The flu season starts in October or November and peaks from December to March
How might you educate a patient on the transmission of Influenza?
It is spread person to person via small particle aerosols that can get into the respiratory tract. It can survive on surfaces for small amounts of time and can be spread this route if it gets into the nasal mucosa before it loses its infectivity
A patients comes into your community clinic presenting with the following signs and symptoms... Fever, myalgia, headache, ocular symptoms, dry cough, and nasal discharge. What is most likely the diagnosis?
Uncomplicated Influenza A
What are the Pulmonary Complications, Sequelae seen in Influenza A?
Croup in children (a cough that sounds like a seal, difficulty breathing, stridor), primary influenza virus pneumonia, and secondary bacterial infections
What are the non-pulmonary complications associated with Influenza A?
cardiac failure, encephalopathy, Reyes Syndrome, Guillain-Barre Syndrome
The weakening of a microbe so that it can be used in a live vaccine
What is a conjugate vaccine?
a vaccine in which proteins that are easily recognizable to the immune system are linked to the molecules that form the outer coat of disease-causing bacteria to promote an immune response
True or False, conjugate vaccines are designed only for adults over 18
False, conjugate conjugate vaccines are designed primarily for very young children because their immune systems can not recognize the outer coats of certain bacteria
What is a DNA/Naked DNA vaccine?
a vaccine that uses a microbe?s genetic material, rather than the whole organism or its parts, to simulate an immune response. (Tb, SARS, HIV)
What is an inactivated "killed" vaccine?
a vaccine made from a whole viruses or bacteria that has been inactivated with chemicals or heat
______ is a vaccine that uses one or more components of a disease-causing organism, rather than the whole, to stimulate an immune response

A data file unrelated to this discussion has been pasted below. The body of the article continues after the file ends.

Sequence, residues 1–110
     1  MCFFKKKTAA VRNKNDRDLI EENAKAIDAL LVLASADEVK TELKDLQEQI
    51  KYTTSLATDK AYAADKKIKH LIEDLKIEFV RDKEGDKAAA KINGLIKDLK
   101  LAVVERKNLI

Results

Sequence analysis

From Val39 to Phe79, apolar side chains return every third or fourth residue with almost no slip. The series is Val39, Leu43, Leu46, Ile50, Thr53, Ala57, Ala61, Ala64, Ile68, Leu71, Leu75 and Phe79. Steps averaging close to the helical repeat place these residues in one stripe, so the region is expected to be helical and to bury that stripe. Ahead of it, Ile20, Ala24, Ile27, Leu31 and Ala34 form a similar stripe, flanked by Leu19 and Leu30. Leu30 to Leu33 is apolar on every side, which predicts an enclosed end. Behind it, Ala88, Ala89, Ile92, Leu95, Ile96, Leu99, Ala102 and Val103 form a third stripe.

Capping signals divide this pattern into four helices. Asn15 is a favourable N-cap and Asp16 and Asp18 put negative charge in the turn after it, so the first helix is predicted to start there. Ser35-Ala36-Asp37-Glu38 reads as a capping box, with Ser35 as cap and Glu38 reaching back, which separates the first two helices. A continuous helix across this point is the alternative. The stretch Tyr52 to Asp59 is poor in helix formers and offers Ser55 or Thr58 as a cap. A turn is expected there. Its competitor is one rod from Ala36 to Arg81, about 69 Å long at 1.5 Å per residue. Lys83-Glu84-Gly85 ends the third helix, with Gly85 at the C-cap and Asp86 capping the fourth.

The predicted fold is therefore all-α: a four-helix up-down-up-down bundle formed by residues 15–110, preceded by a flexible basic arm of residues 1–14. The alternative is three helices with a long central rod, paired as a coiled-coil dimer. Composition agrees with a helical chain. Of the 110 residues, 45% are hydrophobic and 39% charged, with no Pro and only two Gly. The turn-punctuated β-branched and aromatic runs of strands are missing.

What is the technique by which genetic material from one organism is inserted into a foreign cell or another organism in order to mass-produce the protein encoded by the inserted genes called?
Recombinant DNA Technology
_______ is a vaccine made using recombinant DNA technology to engineer the antigen molecules of the particular microbe
Recombinant Subunit Vaccines
True or False, vaccines that use modified viruses or bacteria to deliver genes that code for microbial antigens to cells of the body are called Toxoids
False. Correct answer is Recombinant Vector Vaccines.
Diphtheria and tetanus are notorious examples of what?
What is the controversy surrounding toxoids?
The growth of the bacterium is not dangerous, but the protein toxin that is liberated by it is. Treating the toxin with, for example, formaldehyde, denatures the protein so that it is no longer dangerous, but retains some epitopes on the molecule that will elicit protective antibodies.
What is the Diphtheria vaccine?
is an inactivated form of diphtheria toxin (toxoid); part of DTap
True or False, H. influenzae type b (Hib) vaccine is an extracted bacterial antigen conjugated to a protein carrier
What type of vaccine is used for Hep A?
What type of vaccine is used for Hep B?
recombinant viral protein